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Academy Board Approved Position Statement on Classroom Acoustics (11/17/08)

Academy Board Approved Position Statement on Classroom Acoustics (11/17/08)

The American Academy of Audiology supports the improvement of acoustical properties of America’s classrooms in order that all students may better hear and understand their teachers and peers. To address the issue of improving classroom acoustics, the American National Standards Institute approved classroom acoustics standards in 2002, ANSI S12.60-2002, Acoustical Performance Criteria, Design Requirements, and Guidelines for Schools.1 ANSI S12.60 recommends maximum noise and reverberation times for all new and renovated school construction. The Standard specifies that noise levels in unoccupied core learning spaces should not exceed 35 dBA or 40 dBA, depending on room size. These maximum noise levels ensure that the level of instruction (which would be approximately 50-65 dBA depending on the location of the student and teacher) will provide the appropriate sound level required by students to hear their teachers as well as their peers with minimal difficulty, and with reduced vocal strain from the individual speaking. The standard also specifies that reverberation not exceed 0.6 to 0.7 seconds, depending on room size. These reverberation-time criteria are necessary to preserve the temporal properties that make speech intelligible.

The American Academy of Audiology endorses the ANSI S12.60-2002 standard, and recommends adoption of the standard by all schools, school boards, and school districts for the following reasons:

  1. All students require an appropriate acoustical environment in order to learn effectively.2
  2. Younger students are especially vulnerable to poor acoustics because of their immature central auditory nervous systems.3
  3. Students with hearing loss are especially in need of appropriate acoustical environments due to the characteristics of impaired auditory function which affects their ability to understand speech.4
  4. Students with other auditory or listening challenges or for whom English is a second language require an optimal acoustical environment to maximize learning.5, 6
  5. Quiet rooms are better for learning than loud classrooms with amplification, particularly for accessing peer discourse.7
  6. The cost of quiet classrooms is more than balanced by improving the ability of students to hear and therefore to learn.8
  7. Classrooms that meet the acoustic criteria specified in ANSI S12.60-2002 have also been shown to reduce voice fatigue for the individual speaking.9

Audiologists planning to advise school administrators on classroom acoustics should be familiar with the Standard, the procedures for making measurements addressed in the Standard, the processes for remediation of substandard acoustic conditions, and the roles of other consultants (e.g., an acoustical engineer) in this process to improve school acoustics.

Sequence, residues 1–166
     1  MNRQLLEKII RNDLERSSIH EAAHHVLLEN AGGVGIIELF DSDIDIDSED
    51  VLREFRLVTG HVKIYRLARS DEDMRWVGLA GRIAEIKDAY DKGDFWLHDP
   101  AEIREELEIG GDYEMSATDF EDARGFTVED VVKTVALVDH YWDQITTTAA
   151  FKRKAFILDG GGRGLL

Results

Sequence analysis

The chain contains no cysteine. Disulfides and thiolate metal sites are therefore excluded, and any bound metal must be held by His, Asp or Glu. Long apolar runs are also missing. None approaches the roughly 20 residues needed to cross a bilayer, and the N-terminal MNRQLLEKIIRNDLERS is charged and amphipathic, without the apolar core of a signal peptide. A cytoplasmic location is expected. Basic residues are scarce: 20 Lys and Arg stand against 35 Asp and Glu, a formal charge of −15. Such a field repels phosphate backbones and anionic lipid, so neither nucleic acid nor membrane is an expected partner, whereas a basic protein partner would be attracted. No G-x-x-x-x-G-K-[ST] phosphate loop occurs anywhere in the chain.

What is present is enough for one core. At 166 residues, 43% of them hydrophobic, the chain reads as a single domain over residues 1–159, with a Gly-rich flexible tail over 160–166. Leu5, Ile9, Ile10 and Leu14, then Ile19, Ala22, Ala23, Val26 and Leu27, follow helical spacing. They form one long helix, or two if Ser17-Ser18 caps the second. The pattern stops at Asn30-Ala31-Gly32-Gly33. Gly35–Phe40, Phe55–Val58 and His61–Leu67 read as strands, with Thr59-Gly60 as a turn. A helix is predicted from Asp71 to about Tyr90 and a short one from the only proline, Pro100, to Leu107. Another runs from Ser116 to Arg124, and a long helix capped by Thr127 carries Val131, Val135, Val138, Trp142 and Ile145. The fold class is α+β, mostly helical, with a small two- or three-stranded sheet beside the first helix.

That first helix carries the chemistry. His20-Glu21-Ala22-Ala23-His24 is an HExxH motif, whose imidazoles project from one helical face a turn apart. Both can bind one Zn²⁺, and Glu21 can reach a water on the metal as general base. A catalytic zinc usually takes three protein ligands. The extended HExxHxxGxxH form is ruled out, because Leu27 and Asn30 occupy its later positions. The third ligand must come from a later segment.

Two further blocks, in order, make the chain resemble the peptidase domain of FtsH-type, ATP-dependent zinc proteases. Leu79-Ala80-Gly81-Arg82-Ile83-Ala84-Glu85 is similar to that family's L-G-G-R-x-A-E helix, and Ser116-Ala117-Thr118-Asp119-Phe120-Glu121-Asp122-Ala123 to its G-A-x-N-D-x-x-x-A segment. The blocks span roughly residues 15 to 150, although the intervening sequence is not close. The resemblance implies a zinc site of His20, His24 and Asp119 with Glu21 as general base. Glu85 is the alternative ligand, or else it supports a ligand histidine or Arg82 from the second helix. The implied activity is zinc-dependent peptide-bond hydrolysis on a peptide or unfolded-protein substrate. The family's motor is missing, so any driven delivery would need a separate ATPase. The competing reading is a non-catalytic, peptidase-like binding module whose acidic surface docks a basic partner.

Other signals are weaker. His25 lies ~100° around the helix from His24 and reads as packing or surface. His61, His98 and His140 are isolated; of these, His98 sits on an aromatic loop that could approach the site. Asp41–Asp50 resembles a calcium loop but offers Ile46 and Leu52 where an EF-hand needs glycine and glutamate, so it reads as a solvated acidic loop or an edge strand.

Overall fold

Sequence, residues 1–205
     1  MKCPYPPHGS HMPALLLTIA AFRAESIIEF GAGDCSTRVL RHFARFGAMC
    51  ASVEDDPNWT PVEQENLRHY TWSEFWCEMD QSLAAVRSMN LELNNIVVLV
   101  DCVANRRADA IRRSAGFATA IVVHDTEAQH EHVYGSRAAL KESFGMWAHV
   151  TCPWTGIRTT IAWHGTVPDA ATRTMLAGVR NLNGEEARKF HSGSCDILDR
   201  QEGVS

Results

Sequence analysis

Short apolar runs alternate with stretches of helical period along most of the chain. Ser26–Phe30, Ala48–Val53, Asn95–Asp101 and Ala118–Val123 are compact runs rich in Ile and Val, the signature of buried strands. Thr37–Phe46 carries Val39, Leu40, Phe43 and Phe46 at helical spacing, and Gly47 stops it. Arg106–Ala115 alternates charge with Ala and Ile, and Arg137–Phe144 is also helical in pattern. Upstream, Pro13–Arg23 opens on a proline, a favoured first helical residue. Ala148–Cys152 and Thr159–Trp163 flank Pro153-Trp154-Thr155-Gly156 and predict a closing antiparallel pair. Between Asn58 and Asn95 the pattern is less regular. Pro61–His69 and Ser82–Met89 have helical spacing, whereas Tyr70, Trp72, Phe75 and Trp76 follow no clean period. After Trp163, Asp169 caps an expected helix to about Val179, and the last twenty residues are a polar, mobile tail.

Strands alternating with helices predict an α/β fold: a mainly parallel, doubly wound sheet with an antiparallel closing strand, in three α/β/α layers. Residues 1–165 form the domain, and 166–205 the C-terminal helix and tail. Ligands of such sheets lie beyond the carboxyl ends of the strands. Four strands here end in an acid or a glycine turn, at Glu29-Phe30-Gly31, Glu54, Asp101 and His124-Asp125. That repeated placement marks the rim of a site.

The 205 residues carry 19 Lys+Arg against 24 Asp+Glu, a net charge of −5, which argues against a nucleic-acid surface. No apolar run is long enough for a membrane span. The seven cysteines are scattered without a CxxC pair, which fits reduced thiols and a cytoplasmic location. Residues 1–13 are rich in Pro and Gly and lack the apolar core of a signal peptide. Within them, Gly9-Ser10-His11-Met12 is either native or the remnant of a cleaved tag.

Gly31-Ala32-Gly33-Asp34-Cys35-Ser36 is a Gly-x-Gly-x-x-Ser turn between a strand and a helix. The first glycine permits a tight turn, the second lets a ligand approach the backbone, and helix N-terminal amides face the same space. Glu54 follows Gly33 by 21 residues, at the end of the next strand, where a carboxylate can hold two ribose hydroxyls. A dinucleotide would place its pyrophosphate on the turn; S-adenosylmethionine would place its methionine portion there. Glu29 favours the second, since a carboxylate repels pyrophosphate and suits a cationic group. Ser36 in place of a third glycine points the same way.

The American Academy of Audiology is committed to improving the listening environment for all students. Endorsement of ANSI S12.60-2002 is a major step towards reaching this goal. The Academy further sets forth an agenda that includes the following actions to further the goal of appropriate classroom acoustics:

  • A national effort to promote awareness and the implementation of the ANSI Classroom Acoustics standard and recommendations
  • Adoption of the ANSI standard into the International Building Code (IBC)
  • Application of known design specifications that are used in theaters, conference and board rooms and other acoustically designed spaces to classrooms
  • Consideration of “No Child Left Behind” as a potential regulatory source to adopt and enforce standards
  • A “Toolkit” of resources to assist persons and organizations in state and local efforts to adopt the ANSI standard for school construction
  • Targeting school parent organizations (PTOs) and teacher organizations (NEA, AFT) to increase awareness and support for classroom acoustics efforts
  • Promoting research on the effects of classroom acoustics on educational outcomes for all learners

References

  1. Acoustical Society of America (ASA). 2002. ANSI S12.60-2002: Acoustical Performance Criteria, Design Requirements, and Guidelines for Schools.
  2. Shield BM, Dockrell JE (2008). The effects of environmental and classroom noise on the academic attainments of primary school children. J Acoust Soc Am. 123(1):133-44.
  3. Ponton C, Eggermont JJ, Khosla D, Kwong B, Don M.(2002) Maturation of human central auditory system activity: separating auditory evoked potentials by dipole source modeling. Clin Neurophysiol.113(3):407-20.
  4. Crandell, C. (1993). Speech recognition in noise by minimal degrees of sensorineural hearing loss. Ear and Hearing, 14, 210-216.
  5. Cunningham J, Nicol T, Zecker SG, Bradlow A, Kraus N. (2001) Neurobiologic responses to speech in noise in children with learning problems: deficits and strategies for improvement. Clin Neurophysiol. 112(5):758-67.
  6. Nelson, P., Kohnert, K., Sabur, S., & Shaw, D. (2005). Classroom noise and children learning through a second language: Double jeopardy? Language, Speech, and Hearing Services in Schools, 36, 219 – 229.
  7. Studebaker GA, Sherbecoe RL, McDaniel DM, Gwaltney CA. (1999) Monosyllabic word recognition at higher-than-normal speech and noise levels.
    J Acoust Soc Am.105(4):2431-44.
  8. Knecht, H., Nelson, P., Whitelaw, G. and Feth, L. (2002). Background noise levels and reverberation times in unoccupied classrooms: Predictions and Measurements. American Journal of Audiology, 11, 65-71.
  9. Anderson KL, Goldstein H. (2004) Speech perception benefits of FM and infrared devices to children with hearing aids in a typical classroom. Lang Speech Hear Serv Sch. 35(2):169-84.